After 2-3 weeks development within eggs in an aquatic environment, short-lived, ciliated miracidia emerge which must find a suitable snail intermediate within 24 hours or perish. Paragonimus kellicotti Miracidia


In the U.S., amphibious snails (Pomotiopsis spp.) serve as the first intermediate host. Snail intermediate host


Miracidia initiate a complex asexual reproductive phase in snail tissues and produce large numbers of free swimming cercariae. P. kellicotti redia


Cercaria. Cercariae penetrate through the exskeleton of the crayfish second intermediate host, encyst as metatacercaria and await ingestion by the final host. Crayfish(Cambarus spp.) A number of species of crayfish in the U.S. may serve as second intermediate hosts.


Metacercariae become infective to the final host in a period of several weeks. An immature fluke is present within the cyst wall at this time. Metacercaria in crayfish heart muscle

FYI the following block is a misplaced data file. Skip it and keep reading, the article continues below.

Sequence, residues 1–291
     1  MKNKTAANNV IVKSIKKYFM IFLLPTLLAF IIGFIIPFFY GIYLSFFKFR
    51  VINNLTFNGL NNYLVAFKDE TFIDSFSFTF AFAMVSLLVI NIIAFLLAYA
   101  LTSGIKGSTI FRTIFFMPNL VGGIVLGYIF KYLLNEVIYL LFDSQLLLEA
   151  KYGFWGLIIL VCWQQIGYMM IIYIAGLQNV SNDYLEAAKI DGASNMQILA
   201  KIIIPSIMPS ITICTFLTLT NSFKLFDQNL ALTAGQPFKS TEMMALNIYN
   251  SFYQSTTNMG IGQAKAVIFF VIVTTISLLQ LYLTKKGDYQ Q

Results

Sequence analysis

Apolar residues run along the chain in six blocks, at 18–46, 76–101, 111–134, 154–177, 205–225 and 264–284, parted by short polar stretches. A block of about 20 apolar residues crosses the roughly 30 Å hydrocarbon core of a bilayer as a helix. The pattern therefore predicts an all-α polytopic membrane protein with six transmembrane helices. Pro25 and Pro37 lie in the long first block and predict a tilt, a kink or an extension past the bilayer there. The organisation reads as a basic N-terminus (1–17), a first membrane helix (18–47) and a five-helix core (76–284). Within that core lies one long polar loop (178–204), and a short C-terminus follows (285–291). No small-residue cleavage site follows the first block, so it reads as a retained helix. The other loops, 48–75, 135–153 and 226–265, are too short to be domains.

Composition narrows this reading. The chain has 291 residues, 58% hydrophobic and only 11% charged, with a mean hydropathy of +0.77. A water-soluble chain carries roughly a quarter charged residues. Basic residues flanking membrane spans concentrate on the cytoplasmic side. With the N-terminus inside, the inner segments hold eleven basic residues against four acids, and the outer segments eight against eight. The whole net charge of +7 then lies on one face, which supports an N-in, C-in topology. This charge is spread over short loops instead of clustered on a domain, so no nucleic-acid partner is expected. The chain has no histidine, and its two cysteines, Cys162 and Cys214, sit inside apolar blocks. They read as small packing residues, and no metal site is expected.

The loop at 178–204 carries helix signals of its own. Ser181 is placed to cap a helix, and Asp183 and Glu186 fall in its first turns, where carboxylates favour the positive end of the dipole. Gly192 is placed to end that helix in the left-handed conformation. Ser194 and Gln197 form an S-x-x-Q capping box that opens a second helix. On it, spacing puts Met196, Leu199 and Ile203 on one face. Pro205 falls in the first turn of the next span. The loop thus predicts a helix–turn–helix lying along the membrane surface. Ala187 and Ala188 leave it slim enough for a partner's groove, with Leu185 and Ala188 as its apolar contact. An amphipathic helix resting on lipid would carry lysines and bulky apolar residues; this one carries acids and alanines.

After ingestion, metacercariae excyst in the intestine, young flukes penetrate the gut wall into the peritoneal cavity and then migrate across the diaphragm to the p1eura1 cavity. They migrate in lung tissues for 3-4 weeks before pairing up cysts which are radiographically visible 4 weeks after infection. Mature flukes are found in fibrous pulmonary cysts 5 to 6 weeks afer infection at which time patency occurs. Definitive host


Cysts of Paragonimus are usually found close to the lung surface and appear as nodular elevated masses of 1-2 cm beneath the pleura. Migration of young flukes through thc pleura is sometimes marked by small hemorrhages which progress to small scars. P. kellicotti lung cysts